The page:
The Muslim Community in Australia: Market Characteristics

The Islamic Australian population has grown rapidly in the past decade, with Islamic Australians now making up 2.21% of Australia’s overall population. Almost 80% reside in NSW and Victoria (46% and 32% respectively), with the vast majority in Sydney and Melbourne.

Islamic Australians by State/Territory
219,379 152,775 34,047 19,512 39,116 1,709 1,588 7,434 730 476,290
6.9m 5.4m 4.3m 1.6m 2.2m 0.5m 0.21m 0.36m 0.00m 21.5m
3.17% 2.85% 0.79% 1.22% 1.75% 0.35% 0.75% 2.08% 24.09%33 2.21%
  Source: Data generated using ABS TableBuilder: 2011 Census of Population and Housing


By mapping the Islamic population in Melbourne using the Origins name analysis database, we can see a distinct concentration of Islamic names in the north-western suburbs, namely around Broadmeadows,  Craigieburn, and closer to the city around Coburg.  Secondary concentrations can be found around Keilor, Sunshine, Mill Park, Altona, and to a lesser extent, Doncaster.


Source: Origins Database 2012

In Sydney we see a similar concentration of Islamic Australians.  The incidence of Islamic names is most concentrated in the western suburbs around Parramatta and Bankstown, with secondary concentrations around Rooty Hill,  Liverpool and Rockdale.


Source: Origins Database 2012

Local Government Areas (LGAs) containing the highest number Islamic Australians are shown below:

Islamic Population – Top 5 LGAs  by Count
Bankstown 22,663 Hume 19,823 Brisbane 16,157 Port Adelaide Enfield 3,424 Stirling 5,395
Canterbury 20,024 Moreland 11,237 Gold Coast 4,125 Salisbury 3,280 Canning 4,856
Fairfield 16,486 Greater Dandenong 10,160 Logan 3,293 Charles Sturt 2,134 Gosnells 2,571
Blacktown 16,258 Brimbank 9,603 Moreton Bay 1,453 West Torrens 1,559 Wanneroo 2,474
Parramatta 16,190 Casey 9,593 Cairns 1,131 Marion 1,426 Melville 2,084

 Source: Origins Database 2012

In percentage terms, the pattern is similar, but the areas of greatest concentration are highlighted.

Islamic Population – Top 5 LGAs  by Percentage
Auburn 24.84% Hume 18.66% Carpenteria 4.62% Port Adelaide Enfield 4.01% Canning 7.04%
Canterbury 20.53% Moreland 10.46% Quilpie 3.37% Salisbury 3.65% Perth 6.33%
Bankstown 18.75% Greater Dandenong 9.85% Torres 2.31% Renmark Paringa (DC) 3.56% Victoria Park 5.09%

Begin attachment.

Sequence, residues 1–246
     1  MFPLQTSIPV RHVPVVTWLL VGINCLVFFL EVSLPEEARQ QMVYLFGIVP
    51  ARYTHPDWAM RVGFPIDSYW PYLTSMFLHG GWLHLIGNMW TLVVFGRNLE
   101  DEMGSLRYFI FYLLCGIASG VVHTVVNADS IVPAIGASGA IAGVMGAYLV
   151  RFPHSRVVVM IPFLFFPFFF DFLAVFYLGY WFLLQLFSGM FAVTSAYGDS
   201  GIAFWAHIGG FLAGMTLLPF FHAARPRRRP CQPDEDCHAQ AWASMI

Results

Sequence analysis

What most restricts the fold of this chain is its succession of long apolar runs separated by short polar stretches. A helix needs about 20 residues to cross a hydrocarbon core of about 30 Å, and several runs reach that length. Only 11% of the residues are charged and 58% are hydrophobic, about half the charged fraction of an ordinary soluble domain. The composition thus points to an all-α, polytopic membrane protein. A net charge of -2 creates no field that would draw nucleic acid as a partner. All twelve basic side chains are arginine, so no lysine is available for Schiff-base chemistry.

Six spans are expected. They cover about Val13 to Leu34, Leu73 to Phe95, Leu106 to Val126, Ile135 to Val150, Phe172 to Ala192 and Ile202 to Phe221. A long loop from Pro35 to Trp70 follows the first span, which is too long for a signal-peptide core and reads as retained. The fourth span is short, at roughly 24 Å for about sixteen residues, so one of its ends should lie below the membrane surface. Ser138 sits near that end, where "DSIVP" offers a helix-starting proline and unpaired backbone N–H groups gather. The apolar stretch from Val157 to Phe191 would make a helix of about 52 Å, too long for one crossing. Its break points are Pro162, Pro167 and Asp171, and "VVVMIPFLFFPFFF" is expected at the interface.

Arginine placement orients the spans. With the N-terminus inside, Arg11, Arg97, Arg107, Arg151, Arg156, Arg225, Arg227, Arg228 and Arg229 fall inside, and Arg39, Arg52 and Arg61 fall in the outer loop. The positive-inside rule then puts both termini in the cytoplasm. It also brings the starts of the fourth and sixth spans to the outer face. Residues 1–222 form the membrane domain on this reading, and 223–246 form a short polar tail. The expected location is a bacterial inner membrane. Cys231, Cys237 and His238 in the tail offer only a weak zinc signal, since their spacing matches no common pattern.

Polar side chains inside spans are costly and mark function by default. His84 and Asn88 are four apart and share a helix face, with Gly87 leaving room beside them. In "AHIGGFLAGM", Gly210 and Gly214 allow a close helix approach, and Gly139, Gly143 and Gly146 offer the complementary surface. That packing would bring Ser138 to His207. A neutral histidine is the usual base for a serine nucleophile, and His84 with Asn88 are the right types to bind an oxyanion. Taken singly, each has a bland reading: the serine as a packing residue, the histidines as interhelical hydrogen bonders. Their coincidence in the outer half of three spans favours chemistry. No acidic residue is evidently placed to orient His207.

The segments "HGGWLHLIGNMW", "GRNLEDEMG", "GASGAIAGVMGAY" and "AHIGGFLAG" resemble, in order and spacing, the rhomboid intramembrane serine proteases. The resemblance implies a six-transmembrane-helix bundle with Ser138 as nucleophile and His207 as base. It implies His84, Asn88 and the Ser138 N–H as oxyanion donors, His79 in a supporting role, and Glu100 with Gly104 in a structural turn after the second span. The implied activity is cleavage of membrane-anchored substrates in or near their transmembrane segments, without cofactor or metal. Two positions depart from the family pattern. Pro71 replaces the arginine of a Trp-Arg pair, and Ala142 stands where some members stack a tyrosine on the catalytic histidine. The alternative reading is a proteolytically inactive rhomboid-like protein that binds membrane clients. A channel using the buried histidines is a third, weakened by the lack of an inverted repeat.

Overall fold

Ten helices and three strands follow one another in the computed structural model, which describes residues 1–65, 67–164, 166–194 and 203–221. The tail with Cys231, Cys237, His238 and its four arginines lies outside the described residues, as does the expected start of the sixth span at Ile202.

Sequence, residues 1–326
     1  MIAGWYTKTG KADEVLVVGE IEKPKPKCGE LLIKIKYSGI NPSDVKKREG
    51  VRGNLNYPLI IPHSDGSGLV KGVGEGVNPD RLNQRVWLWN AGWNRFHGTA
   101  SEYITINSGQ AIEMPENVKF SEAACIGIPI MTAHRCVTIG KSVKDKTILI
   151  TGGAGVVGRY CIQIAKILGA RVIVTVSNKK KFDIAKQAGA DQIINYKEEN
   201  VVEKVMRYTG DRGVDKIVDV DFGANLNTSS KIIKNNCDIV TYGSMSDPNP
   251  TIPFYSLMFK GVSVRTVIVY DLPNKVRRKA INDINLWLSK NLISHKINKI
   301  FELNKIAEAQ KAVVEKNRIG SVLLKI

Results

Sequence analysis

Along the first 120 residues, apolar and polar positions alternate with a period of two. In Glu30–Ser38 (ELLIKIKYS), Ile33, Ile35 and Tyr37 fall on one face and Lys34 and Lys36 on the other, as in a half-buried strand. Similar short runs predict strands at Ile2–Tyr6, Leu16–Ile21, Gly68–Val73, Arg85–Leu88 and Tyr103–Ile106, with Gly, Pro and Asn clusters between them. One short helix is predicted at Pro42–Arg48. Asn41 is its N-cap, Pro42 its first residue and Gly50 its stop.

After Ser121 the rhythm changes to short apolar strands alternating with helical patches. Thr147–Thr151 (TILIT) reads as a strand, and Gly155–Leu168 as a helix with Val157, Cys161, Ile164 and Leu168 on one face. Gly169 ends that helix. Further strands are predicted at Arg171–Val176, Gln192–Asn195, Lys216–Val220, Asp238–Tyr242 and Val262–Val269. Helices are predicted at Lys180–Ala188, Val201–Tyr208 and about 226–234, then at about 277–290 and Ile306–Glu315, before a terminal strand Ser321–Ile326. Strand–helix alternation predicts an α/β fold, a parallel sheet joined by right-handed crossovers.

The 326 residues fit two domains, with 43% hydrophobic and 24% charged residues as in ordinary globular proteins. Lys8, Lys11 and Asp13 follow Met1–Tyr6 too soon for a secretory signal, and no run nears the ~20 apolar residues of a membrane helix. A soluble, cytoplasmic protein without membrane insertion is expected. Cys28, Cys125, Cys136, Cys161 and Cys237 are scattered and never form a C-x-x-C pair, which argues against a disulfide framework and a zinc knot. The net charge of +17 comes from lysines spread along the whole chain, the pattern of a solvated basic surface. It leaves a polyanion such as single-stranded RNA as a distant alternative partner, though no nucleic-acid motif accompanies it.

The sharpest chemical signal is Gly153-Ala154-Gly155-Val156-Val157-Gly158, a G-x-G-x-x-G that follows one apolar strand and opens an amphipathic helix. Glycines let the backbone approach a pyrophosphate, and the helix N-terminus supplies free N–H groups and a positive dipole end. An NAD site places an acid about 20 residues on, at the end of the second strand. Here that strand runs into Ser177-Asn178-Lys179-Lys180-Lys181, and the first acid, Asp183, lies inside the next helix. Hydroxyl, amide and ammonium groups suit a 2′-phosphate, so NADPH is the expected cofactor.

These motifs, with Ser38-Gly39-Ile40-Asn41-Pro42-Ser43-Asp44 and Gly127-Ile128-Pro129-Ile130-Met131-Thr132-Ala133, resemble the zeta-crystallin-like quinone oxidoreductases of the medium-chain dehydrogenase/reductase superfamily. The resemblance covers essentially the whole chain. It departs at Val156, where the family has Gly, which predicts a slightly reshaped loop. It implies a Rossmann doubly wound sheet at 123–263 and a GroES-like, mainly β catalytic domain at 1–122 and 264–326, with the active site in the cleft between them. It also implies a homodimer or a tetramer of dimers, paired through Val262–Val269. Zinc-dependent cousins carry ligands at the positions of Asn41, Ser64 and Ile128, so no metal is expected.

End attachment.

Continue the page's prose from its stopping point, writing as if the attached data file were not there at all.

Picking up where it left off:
Holroyd 16.17% Melbourne 7.92% Brisbane 2.28% West Torrens 3.48% Belmont 4.64%
Parramatta 14.66% Brimbank 7.38% Logan 2.0% Adelaide 3.34% South Perth 3.95%

 Source: Origins Database 2012

In support of Ogilvy and Mather’s attributes of ‘Futurist’ Muslims being ambitious and valuing learning education levels amongst Islamic Australians are high – almost a third of the population is currently studying full-time, and a higher proportion of Islamic Australians holds a degree or higher qualification compared with the general Australian population. A significantly higher proportion holds a Postgraduate Degree than the Australian population.


Student Status: Islamic Australians vs Total Population
Student status Islamic




Full-time Student 31.98% 19.46% 164
  Source: Data generated using ABS TableBuilder: 2011 Census of Population and Housing



Education Levels: Islamic Australians vs Total Population
Highest Level of Education Islamic Australians
Australia:Population Index
Postgraduate Degree Level 5.3%
Graduate Diploma and Graduate Certificate Level 0.6%
Bachelor Degree Level 10.7%
Total with Degree or Higher 16.7%
Source: Data generated using ABS TableBuilder: 2011 Census of Population and Housing

The high proportion of the Islamic Australian population in full-time study is likely to largely explain the relatively low income levels with more than 35% of the population earning less than $400 per week. It also reflects the predominantly young population, likely to be in the early stages of their careers. Relatively low income levels may also be a reflection of the large influx of Islamic immigrants in recent years and establishing a new life in Australia.


Source: Data generated using ABS TableBuilder: 2011 Census of Population and Housing

As the population matures and the large population of full-time students enters the workforce it is anticipated that the earning potential of Islamic Australians will greatly increase. The next decade will be a time of change and upward mobility for this segment of the population.


1 See
2 ABS 2006 and 2011 Census data
6 Miles Young, “What Muslim Consumers Expect”, Market Leader Q1 2011, p20
8 Miles Young, “What Muslim Consumers Expect”, Market Leader Q1 2011, p20
9 Department of Immigration and Citizenship, The Australian Journey – Muslim Communities, 2009 p8
10 See
12 Abdullah Saeed and Shahram Akbarzadeh Muslim Communities in Australia, UNSW Press 2001 p8
15 Miles Young, “What Muslim Consumers Expect”, Market Leader Q1 2011, p21
18,9171,1902837-3,00.html – Subscription required
21 Miles Young, “What Muslim Consumers Expect”, Market Leader Q1 2011, p22
31 Source no longer available
32 ABS 2011 Census
33 This largely reflects the religious composition of asylum seekers based on Christmas Island, and the local Malay population.